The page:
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AIJAC welcomes ABC inquiry outcome, calls for further consideration of external complaints body

May 17, 2022 | AIJAC staff

Image: Shutterstock
Image: Shutterstock

The Australia/Israel & Jewish Affairs Council (AIJAC) Executive Director Dr. Colin Rubenstein has welcomed an independent report into the ABC complaints handling process that identified significant shortcomings in the current process and recommended major reforms, including the introduction of an Ombudsman within the ABC that will report directly to the ABC Board. However, he also said it was unfortunate that the inquiry failed to propose a “fully external complaints body” that “can address the need for genuine independent oversight of our public broadcaster.”

Dr. Rubenstein said, “We thank the ABC Board for making the appropriate decision to release this independent report commissioned by the ABC into its complaints process before the federal election, and for its promise to implement the report’s recommendations. AIJAC is fully committed to the essential role that a properly funded ABC has to play in providing balanced and impartial news and current affairs in Australia. A properly functioning complaints process is an essential part of that role. Hopefully, our political parties will have enough time to respond to the report before voters cast their ballots over coming days.”

Commending the report’s authors, former Commonwealth Ombudsman Professor John McMillan and veteran media executive Jim Carroll, Dr. Rubenstein said, “this appears to be a warts and all report” and is “an important step forward in kickstarting an honest national conversation on how to best fix a complaints system that has been broken for a very long time. The inquiry clearly received a mountain of written submissions and oral testimonies from a diverse group of individuals and organisations that cannot and have not been ignored.”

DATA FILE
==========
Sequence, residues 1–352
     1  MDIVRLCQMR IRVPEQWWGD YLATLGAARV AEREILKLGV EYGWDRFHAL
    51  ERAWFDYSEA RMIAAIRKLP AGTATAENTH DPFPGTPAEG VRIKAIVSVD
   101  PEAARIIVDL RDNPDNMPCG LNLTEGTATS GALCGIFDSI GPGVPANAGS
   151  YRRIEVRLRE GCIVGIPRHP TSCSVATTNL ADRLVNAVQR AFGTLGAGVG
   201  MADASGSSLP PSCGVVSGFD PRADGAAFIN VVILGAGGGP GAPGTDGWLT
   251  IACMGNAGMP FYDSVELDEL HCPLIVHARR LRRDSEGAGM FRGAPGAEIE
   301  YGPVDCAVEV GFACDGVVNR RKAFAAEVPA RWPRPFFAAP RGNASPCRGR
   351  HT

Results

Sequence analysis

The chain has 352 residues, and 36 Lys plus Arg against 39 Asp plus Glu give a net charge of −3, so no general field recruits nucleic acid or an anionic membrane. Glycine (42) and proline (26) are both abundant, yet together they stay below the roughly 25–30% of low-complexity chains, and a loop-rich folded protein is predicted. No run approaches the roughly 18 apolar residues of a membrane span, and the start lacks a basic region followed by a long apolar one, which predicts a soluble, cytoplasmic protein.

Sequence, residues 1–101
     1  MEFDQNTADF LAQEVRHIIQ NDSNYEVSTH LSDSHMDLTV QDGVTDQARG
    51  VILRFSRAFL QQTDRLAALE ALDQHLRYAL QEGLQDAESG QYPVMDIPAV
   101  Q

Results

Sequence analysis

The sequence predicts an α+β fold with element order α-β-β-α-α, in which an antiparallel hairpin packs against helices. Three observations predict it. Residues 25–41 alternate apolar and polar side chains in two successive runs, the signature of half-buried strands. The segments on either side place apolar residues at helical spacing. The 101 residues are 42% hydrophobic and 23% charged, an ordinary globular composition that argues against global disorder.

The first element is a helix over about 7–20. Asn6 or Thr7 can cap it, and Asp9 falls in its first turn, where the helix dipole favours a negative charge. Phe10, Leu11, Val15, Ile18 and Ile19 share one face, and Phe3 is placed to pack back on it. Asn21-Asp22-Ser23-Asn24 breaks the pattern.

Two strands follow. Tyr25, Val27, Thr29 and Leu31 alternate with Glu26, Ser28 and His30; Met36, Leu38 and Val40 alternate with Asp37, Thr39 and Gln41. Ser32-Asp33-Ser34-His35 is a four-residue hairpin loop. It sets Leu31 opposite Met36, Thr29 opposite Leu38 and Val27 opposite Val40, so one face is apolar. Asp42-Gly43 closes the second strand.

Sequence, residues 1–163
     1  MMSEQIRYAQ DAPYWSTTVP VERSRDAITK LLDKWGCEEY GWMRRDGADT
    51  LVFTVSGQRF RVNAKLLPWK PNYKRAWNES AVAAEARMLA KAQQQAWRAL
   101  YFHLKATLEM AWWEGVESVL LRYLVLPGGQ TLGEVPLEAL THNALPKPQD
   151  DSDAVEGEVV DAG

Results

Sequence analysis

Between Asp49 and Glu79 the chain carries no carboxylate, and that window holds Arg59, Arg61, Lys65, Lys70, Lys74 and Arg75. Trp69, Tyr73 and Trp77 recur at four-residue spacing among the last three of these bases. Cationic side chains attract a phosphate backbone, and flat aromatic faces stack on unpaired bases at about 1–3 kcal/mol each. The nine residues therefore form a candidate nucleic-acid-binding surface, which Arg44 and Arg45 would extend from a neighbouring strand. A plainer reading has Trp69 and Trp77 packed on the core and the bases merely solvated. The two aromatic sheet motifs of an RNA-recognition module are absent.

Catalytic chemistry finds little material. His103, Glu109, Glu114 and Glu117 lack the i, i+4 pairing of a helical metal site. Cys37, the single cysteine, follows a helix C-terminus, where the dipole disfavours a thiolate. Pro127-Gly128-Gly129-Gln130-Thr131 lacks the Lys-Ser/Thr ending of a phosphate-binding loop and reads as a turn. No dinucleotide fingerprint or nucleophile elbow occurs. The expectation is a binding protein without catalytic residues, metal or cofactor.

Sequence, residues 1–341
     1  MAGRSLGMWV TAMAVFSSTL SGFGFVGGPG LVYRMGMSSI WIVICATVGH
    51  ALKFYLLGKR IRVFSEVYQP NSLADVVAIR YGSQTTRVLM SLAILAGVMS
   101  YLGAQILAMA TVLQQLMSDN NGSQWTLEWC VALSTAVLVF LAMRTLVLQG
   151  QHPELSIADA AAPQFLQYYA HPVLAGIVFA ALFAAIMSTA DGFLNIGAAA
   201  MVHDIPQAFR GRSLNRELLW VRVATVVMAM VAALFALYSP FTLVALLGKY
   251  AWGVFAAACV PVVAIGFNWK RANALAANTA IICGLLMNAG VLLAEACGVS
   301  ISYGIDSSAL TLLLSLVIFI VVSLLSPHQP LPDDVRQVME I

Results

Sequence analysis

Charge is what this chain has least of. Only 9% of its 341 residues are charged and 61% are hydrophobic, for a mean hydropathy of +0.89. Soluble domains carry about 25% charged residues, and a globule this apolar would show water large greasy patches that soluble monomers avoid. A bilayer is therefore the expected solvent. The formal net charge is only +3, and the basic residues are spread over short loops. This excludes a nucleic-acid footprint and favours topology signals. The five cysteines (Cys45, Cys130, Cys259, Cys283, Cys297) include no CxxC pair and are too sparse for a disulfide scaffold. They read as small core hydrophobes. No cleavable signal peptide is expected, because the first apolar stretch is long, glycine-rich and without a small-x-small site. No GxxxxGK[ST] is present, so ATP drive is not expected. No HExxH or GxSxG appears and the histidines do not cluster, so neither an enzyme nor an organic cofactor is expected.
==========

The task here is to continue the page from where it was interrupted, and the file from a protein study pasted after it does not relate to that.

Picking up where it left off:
Dr. Rubenstein said the report effectively acknowledged that “prospective complainants engaging with the process in good faith are not accorded an acceptable level of procedural fairness.”

Of the key recommendation of the inquiry, an internal ombudsman who would be appointed by and report to the ABC Board, he said, “This and the other recommendations from the inquiry would be a definite improvement over the current highly problematic situation whereby an internal department essentially allows content providers complained about to dominate the decision over whether to uphold or reject a complaint. We are grateful that the ABC Board and the two commissioners have taken the need for significant reforms in complaints handling seriously.”

Dr. Rubenstein noted that the report also addressed other concerns AIJAC has long flagged, such as “the challenge of using the ABC’s antiquated and highly limiting webpage to lodge complaints; the failure of the ABC to consult with complainants once they have lodged a complaint; the ABC’s tendency as an organisation to exhibit a culture of defensiveness which often resists admitting errors and refuses to accept the verdict even when the regulatory umpire, the Australian Communications and Media Authority (ACMA) finds against it; the inability of ACMA as currently constituted to provide consistent and effective external oversight of ABC content; and the failure of the ABC to publicise successful complaints in an adequately transparent manner.”

However, Dr. Rubenstein also cautioned that, while the report’s findings were a highly positive first step, they would not ameliorate some key concerns about ABC complaints handling.

“Despite the numerous positive aspects of the inquiry’s finding, AIJAC continues to believe that only a fully external complaints body can truly address the need for genuine independent oversight of our public broadcasters, and provide assured procedural fairness to complainants,” he said.

“Indeed, this is the model that seems to successfully apply in numerous European democracies such as France, Norway, Denmark, the Netherlands and Switzerland. The inquiry report itself suggests ACMA cannot currently fulfil this independent oversight role effectively. Given that this ABC inquiry has been completed, a properly resourced external review body should still be considered in the appropriate policy-making forums,” Dr. Rubenstein concluded.

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